Take a break. Go out for dinner. Stop working so hard.
After all: you’ve earned it!
Except, of course, that most of us haven’t. In truth, we’re spending our time trying desperately to get through the day so we can strive for our personal leisure – the holiday, the break, the glass of wine, the social event out with our friends. For many people, these are the pinnacle of what they hope to achieve in any given week.
This probably sounds a bit harsh.
But consider your own week and the week of those around you. What does it look like? What do you do when you get home from work (if you have a job)? How much time do you spend:
- scrolling through news feeds
- liking stuff on social media
- chatting to people about nothing?
And how are these things a good investment?
Some of us, of course, are genuinely busy and overworked.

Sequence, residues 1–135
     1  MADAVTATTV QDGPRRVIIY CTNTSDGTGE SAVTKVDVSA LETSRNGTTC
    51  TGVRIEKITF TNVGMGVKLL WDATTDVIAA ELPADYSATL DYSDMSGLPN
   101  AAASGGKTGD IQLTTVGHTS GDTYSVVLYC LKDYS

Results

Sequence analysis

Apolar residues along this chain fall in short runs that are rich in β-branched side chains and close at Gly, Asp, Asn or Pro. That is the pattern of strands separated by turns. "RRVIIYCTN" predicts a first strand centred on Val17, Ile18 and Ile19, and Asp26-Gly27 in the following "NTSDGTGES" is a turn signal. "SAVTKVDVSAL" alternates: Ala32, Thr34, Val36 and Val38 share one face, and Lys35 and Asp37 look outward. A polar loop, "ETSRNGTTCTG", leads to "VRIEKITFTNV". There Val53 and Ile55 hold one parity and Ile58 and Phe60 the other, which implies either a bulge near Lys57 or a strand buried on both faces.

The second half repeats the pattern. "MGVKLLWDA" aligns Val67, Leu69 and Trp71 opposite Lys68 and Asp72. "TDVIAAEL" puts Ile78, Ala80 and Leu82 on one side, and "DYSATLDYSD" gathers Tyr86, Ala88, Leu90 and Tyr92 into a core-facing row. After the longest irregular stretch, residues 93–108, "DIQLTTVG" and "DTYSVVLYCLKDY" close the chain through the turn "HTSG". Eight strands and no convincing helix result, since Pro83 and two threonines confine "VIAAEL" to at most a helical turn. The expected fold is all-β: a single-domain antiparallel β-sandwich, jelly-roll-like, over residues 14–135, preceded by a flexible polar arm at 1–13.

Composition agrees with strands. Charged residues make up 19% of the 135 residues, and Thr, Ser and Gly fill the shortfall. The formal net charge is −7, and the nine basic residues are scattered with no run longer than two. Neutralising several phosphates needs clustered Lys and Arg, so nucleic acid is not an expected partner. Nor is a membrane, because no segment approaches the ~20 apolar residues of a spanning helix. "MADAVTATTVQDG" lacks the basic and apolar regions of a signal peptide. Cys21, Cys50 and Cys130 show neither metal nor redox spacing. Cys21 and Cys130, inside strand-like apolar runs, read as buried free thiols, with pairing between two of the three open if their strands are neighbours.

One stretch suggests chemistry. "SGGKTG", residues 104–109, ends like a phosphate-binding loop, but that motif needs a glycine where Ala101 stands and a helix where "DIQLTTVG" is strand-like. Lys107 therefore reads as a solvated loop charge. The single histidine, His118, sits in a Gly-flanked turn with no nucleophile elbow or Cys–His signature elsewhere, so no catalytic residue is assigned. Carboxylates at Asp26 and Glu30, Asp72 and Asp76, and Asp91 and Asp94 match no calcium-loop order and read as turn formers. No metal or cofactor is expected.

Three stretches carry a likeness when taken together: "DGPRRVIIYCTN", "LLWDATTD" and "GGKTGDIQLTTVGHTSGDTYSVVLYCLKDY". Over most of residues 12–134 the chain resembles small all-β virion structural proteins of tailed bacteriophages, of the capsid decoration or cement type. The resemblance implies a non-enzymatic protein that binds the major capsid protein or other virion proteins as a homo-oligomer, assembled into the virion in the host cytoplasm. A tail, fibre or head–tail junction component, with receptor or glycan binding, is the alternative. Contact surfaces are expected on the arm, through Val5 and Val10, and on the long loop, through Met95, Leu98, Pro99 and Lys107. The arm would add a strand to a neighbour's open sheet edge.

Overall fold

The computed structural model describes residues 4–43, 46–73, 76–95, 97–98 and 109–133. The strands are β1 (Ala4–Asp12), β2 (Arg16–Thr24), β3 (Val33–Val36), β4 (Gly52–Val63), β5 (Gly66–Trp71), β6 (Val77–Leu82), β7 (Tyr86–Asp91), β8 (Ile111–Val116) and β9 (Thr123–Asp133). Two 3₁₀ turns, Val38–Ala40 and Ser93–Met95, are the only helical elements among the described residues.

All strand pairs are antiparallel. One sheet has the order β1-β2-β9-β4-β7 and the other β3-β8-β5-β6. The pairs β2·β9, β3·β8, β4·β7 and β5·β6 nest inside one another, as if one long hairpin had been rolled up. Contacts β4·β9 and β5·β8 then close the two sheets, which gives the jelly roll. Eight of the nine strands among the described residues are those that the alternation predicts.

But not many. Mostly we just make excuses for ourselves.
Is That Really Everything You’re Aiming For?
Your words aren’t the best guide to what you believe about yourself – your behaviour is.
So here’s my question: does your (our) behaviour align with:
- a high expectation of ourselves and what we can contribute to the world; or
- a low expectation of it?
But Chris… I’m Tired 🙁
Or have you bought into the unspoken sales pitch that a human person has only 8 hours of work in them each day, after which they “deserve” some time off?
5 days work, 2 days leisure – so we’re already at 28.6% leisure time.
Add into that another 18 hours of TV watching each week and 13 hours of non-work time on the internet (old data, but it’s here if you want it), and we’re up to a colossal quantity of nonsense forming a substantial part of our week.
Is Leisure the Pinnacle of your Achievement?
Why do you work? What is it that you hope to do?
Are you simply working to pay for your leisure?
And if you are – is that by choice, or just because it’s the pattern you fell into somewhere along the way.
You’ve Got More to Offer
I get that you feel tired and busy, but our feelings can be deceptive.
Take an audit of your week.
Take an audit of why you do the things you do.
I think we can do more, be more, and expect more from ourselves.
We are fearfully and wonderfully made – it’s time to live up to that.